Altitudes and Orthocenters

1. Construct any triangle ABC.

2. Construct the Orthocenter H of a triangle ABC.

3. Construct the Orthocenter (E) of triangle HBC.

As you can see, the orthocenter of HBC is the left out vertex of the original triangle, A. So, A=E.

4. Construct the Orthocenter (F) of triangle HAC.

Again, you can see that the orthocenter of HAC is B. Thus, B=F.

5. Construct the Orthocenter (G) of triangle HAB.

And again, we got the same result. The orthocenter of HAB is C. So, C=G.

6. Construct the Circumcircles of triangles ABC, HBC, HAB, and HAC.

For a script in GSP that will do all of these steps in one step, click here.

In the picture above, you can see that the circumcircles of HAB, HBC, and HAC all concur at the orthocenter H of the triangle ABC. This is always true!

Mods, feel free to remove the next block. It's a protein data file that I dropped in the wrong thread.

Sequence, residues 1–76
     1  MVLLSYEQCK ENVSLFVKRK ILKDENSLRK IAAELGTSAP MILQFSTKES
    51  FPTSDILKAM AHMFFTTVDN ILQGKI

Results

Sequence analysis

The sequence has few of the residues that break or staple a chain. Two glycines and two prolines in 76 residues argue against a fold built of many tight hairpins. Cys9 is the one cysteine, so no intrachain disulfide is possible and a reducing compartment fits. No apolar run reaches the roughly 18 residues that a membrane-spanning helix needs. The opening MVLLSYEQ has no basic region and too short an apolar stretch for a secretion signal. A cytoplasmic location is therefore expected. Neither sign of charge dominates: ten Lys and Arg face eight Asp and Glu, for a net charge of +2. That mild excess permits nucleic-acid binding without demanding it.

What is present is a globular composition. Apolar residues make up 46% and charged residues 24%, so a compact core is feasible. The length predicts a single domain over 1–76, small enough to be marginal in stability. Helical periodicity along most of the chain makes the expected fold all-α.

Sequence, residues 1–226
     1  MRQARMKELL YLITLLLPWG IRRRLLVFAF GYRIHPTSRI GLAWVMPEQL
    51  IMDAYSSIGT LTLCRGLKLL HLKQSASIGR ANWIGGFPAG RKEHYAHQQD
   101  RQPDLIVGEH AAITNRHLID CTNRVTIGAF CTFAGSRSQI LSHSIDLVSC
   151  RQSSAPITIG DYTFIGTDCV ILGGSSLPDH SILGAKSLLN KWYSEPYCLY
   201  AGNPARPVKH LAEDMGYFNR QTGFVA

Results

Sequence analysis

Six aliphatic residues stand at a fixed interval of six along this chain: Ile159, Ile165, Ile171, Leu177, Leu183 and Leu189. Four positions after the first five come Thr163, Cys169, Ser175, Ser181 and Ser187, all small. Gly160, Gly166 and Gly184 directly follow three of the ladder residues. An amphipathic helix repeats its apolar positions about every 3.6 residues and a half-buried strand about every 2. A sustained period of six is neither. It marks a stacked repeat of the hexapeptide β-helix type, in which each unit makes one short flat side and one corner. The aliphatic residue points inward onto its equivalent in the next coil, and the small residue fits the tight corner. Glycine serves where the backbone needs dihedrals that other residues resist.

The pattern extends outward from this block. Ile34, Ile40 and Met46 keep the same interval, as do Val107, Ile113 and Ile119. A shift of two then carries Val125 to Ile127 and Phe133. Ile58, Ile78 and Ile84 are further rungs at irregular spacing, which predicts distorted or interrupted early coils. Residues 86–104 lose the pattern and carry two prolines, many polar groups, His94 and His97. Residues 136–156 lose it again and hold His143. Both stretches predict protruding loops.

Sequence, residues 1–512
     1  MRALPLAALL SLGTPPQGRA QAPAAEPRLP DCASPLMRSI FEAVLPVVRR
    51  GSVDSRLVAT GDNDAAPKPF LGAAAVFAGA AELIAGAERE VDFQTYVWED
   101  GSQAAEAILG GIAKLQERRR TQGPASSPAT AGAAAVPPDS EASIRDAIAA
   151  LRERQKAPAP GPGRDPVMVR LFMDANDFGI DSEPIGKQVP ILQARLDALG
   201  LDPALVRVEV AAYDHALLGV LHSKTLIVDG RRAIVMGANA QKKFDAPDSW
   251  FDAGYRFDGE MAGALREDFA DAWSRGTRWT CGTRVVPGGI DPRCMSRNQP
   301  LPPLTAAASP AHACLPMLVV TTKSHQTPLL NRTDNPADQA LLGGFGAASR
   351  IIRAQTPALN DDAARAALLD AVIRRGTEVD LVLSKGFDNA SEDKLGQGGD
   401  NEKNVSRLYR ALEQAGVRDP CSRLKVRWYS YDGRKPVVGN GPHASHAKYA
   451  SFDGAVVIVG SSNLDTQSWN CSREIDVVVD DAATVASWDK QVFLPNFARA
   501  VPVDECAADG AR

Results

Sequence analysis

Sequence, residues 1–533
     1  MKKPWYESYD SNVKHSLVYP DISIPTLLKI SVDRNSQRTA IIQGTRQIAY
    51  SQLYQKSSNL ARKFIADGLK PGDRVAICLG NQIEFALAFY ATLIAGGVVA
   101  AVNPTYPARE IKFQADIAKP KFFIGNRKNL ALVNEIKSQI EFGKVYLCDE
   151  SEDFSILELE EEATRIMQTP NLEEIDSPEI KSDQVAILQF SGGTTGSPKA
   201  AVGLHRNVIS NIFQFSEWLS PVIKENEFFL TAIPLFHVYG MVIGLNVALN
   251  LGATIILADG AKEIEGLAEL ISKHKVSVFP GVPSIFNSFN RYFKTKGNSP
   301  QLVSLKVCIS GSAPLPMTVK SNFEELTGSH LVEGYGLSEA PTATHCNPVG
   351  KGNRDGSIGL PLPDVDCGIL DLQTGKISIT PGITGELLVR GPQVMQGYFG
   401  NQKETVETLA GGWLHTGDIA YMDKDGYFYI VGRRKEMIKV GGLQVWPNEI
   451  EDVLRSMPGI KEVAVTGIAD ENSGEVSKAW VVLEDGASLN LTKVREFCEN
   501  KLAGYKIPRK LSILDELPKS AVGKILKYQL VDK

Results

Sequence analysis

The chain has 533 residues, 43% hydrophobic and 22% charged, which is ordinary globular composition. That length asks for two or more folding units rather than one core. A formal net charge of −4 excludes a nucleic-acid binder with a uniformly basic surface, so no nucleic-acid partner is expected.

What would happen if any vertex of the triangle ABC was moved to where the orthocenter H is located? Click here to see these animations using GSP. As you can see after observing these animations, when A moves toward H, then H moves to where A was. The same thing happens with B and C. The triangle looks the same when these two points have replaced one another.


8. Construct the nine point circles for triangles ABC, HBC, HAC, and HAB.

Click here for a GSP script of this construction.

In the picture above, you can only see one nine point circle. The reason for this is that the nine point circle for triangles ABC, HAB, HBC, and HAC are all the same!